While in New York, working with students from SVA and NYU, I couldn't help but notice that anxiety about the economy was foremost on everyone's mind, or more specifically, jobs and repaying student loans was on everyone's mind. With that thought in the background I asked the students to find stories of resilience from their families, cultures of origin, or even from their favorite childhood fairy tales. We looked at slides and discussed work done with folks who had survived Katrina, all with resilience in mind. Then the students created their own puppets and, energy ran high, with much play, giggling, laughter, and fun. At NYU the students had time to form small groups, soothing environments for their puppets, and narratives that were shared with the rest of the class. During the process many of the following resience strategies came into play:
- The students used art to create a strong sense of community.
- They took charge of things, acting as heroines of their own stories.
- They found and created many "good things" while working together.
- They could voice wishes and dreams through the puppets.
- They could believe in themselves and each other.
- There was definitely time for insight.
- There was also plenty of time for creativity.
- There was a lot of humor and laughter.
- Some of the narrative delt with issues of how to make decisions, what to use as a moral compass.
- Effort was made to take care of the characters they'd created, creating beautiful, soothing environments for them.
After stepping back and observing, it became clear that the creative process is extremely therapeutic and necessary, especially when times are difficult and anxieties are running high. To answer some specific questions having to do with economic anxiety, we can't know what the future holds, of course, but what ever it does hold, resilience will be key to thriving.
For job hunting, Martha Haeseler, friend and fellow art therapist, recommends checking the VA for openings in their recreation therapy programs. The VA jobs can be found on www.USAjobs.gov. She found postings of jobs in NY, San Francisco, and Oregon.
I checked student loans and the Peace Corps and here's what I found for 2008:
Volunteers may defer repayment on student loans under several federal programs, i.e., Stafford (formerly known as guaranteed student loans), Perkins, direct, and consolidation loans. Volunteers with Perkins loans are eligible for a 15 percent cancellation of their outstanding balance for each year of Peace Corps service. Because the rules that authorize deferment are complicated and subject to change, it is best to talk to your lender directly about how this benefit applies to your situation.
More on this topic can be found on wisebread all about "living large on a small budget".
Friday, March 13, 2009
Do you know Gretchen Miller? artist, art therapist, and president of the Buckeye Art Therapy Association? Gretchen has a wonderful blog full of art and ideas about creativity that should keep you busy for hours and inspired for a long, long time to come. Do take a look and consider what you would put your a mini altered board book to remind you to release, detach, and relax? Thank you Gretchen!
Huyen MacMichael over at 14 Secrets gave us this link to Lea Redmond's website which Huyen's husband found. She's got loads of interesting Free Projects and a free book which is wonderful. (Ant Book is all about nature, human artifacts, culture, and in it she cites authors like Annie Dillard, David Abram, and Jean-Jacques Rousseau.) There's also a store on her website full of quirky, interesting things like a matchbox puppet theater and the world's smallest letters delivered by the world's smallest postal service. Intrigued?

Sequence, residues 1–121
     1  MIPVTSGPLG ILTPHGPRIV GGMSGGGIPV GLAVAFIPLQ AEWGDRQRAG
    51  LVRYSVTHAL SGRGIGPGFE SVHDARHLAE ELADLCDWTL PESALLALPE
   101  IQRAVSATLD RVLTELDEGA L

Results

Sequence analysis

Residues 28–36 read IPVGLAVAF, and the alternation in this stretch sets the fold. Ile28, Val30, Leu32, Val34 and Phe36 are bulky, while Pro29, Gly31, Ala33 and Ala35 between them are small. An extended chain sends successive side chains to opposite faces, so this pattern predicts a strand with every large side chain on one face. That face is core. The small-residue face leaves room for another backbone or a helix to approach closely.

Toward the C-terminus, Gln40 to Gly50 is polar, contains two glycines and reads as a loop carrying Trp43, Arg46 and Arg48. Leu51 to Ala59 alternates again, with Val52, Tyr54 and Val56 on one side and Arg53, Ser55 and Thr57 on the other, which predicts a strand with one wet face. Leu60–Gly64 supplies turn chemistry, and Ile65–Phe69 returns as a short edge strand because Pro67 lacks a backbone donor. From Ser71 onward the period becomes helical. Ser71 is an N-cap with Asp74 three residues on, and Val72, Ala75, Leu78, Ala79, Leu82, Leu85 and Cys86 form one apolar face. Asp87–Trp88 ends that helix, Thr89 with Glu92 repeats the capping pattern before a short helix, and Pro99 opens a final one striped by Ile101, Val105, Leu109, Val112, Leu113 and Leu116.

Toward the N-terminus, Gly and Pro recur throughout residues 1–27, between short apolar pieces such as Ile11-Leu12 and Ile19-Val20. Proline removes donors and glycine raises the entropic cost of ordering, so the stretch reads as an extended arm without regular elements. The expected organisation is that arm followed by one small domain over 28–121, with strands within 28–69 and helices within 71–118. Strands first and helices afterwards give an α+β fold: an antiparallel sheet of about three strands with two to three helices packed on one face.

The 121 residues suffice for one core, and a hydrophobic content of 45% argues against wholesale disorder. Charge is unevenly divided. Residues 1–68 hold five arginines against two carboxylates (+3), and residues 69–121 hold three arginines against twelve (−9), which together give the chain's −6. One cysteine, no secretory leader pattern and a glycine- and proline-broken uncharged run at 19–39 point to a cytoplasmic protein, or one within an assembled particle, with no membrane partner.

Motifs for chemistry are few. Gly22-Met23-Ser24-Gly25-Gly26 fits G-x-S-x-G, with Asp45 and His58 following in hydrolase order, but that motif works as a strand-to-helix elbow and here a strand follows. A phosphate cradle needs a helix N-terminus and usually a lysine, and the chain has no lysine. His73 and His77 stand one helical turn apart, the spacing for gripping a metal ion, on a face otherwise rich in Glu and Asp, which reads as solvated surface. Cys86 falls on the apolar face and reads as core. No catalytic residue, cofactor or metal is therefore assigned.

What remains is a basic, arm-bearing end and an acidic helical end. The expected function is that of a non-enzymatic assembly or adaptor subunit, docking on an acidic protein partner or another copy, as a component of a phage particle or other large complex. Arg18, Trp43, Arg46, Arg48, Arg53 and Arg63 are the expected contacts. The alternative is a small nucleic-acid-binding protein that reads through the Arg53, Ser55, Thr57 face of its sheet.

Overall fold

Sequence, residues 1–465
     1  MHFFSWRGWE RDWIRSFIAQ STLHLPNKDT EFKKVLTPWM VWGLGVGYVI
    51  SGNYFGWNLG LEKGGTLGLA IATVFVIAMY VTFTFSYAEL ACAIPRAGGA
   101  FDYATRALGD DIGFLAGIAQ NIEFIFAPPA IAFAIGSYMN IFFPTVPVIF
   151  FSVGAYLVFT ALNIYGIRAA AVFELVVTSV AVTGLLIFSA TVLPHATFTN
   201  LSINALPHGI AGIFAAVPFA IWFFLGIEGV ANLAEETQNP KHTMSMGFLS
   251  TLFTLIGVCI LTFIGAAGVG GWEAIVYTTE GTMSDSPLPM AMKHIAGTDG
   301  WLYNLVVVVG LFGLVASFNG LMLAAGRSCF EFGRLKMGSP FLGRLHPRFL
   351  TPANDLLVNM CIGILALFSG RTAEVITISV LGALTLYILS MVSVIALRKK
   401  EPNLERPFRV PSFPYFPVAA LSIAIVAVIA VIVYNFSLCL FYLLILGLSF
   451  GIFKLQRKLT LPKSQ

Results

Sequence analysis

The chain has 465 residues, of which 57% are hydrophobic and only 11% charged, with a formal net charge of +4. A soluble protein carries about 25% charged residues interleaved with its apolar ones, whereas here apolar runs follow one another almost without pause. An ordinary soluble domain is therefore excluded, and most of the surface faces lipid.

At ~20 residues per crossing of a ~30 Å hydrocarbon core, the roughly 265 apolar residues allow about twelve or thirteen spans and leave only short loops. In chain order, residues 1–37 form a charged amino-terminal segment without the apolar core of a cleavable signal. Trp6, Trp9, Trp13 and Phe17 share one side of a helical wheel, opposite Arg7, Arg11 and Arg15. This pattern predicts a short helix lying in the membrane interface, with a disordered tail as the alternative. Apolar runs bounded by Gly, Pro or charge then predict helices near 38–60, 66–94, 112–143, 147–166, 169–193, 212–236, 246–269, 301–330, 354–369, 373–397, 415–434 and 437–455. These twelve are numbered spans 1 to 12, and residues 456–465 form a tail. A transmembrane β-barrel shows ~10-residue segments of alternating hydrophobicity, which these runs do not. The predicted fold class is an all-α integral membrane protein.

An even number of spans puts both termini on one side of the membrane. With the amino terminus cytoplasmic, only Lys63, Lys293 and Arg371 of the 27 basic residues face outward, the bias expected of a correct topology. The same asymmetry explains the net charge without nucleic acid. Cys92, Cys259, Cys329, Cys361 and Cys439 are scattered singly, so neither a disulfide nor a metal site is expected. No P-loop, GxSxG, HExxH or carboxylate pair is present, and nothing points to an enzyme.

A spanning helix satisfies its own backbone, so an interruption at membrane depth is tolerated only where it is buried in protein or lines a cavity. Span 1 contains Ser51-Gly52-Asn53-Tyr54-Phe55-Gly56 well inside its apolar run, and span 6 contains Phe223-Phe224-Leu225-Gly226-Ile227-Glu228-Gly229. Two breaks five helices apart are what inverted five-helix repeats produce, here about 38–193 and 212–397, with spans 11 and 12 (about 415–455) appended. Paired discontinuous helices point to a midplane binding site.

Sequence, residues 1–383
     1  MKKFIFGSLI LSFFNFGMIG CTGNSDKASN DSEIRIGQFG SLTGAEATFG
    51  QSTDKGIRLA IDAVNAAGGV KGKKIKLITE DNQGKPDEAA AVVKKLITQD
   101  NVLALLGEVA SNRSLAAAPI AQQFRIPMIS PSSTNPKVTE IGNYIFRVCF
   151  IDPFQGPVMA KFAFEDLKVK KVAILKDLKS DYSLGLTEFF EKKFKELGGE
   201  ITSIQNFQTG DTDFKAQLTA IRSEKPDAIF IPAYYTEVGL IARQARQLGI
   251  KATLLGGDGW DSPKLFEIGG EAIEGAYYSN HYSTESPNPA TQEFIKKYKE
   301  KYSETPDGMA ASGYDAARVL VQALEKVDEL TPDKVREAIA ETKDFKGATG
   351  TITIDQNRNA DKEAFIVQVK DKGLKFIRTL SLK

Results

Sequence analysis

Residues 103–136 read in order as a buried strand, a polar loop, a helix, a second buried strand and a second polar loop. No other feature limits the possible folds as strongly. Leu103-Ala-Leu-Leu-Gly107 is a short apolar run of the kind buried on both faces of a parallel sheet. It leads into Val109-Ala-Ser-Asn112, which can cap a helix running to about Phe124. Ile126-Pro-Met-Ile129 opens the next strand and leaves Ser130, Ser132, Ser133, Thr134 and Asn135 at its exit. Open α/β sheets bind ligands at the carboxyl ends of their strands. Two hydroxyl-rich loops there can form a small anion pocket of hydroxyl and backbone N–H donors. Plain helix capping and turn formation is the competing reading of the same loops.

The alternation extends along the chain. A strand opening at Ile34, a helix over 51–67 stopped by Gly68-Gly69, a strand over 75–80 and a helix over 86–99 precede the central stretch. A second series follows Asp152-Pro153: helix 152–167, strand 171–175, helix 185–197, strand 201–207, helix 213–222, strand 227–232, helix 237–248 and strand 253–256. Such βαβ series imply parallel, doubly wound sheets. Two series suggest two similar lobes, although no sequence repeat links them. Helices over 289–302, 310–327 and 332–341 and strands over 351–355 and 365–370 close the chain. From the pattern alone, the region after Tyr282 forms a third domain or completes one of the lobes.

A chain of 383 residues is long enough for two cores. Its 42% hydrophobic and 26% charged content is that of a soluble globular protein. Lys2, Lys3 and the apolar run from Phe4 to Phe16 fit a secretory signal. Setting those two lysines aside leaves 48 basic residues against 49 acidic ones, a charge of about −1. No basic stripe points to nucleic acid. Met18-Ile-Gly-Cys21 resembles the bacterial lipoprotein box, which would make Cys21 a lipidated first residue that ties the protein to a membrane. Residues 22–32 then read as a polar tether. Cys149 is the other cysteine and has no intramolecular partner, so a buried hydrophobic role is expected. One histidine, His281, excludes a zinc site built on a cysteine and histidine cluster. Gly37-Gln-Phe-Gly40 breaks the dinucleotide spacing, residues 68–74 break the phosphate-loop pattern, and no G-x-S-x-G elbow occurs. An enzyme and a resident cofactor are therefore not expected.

Here's a quote from Lea's Ant Book:
I invite you tonotice the material world that you inhabit and the secrets that itholds. I invite you to let your senses loose, and to trust them. I invite you to not assume that what appears to be is, and to keep an eye out for “mistakes” you may have been making all along. I invite you to read between the lines – not just the lines of text, but the lines of this material world. I invite you to keep a loose grip on your language, and to sometimes just STOP!… and listen. I invite you to not be scared of that which seems strange, and to maybe even become it. I invite you to let go and to entertain possibilities that seem absurd. And then I invite you to take these possibilities seriously, to let yourself actually implement – with the behavior of your body – something that you know inside. I invite you to play and believe in magic, and to make a habit of breaking habits. I invite you to stop in the middle of the sidewalk, lie down, and look up. And to walk on all fours like a bug. Why? Because we never know what we are missing and there is simply no good reason to settle for scarcity when richness is right under our nose. To all these things, you are invited. RSVP if you will, if you dare, if you wonder what could be.
And finally the inspiration to explore William Kentridge's work came from childhood BFF Kiki MacInnes. I don't know why I waited so long since I know William's Uncle Leon who lives up the road from me, and we have discussed WK's work. Well better late than never!) His work is brooding, humorous, filled with history, and very beautiful! Just search YouTube for William Kentridge and you will be lost in charcoal and mystery for days. Thank you Kiki!
Thursday, March 12, 2009
Wednesday, March 11, 2009
While in NYC I re-acquainted myself with Subway Art, checking in on Edith Kramer's mural at Spring Street on the 8th Ave. line (the uptown side) and most especially Tom Otterness's work on 14th and 8th! How adorable. (Although like all of us, he has a darker side, a wee bit of shadow. But I think his subway art is fun) If I'd had the time, I'd have made a treasure hunt to see how many of his works I could find.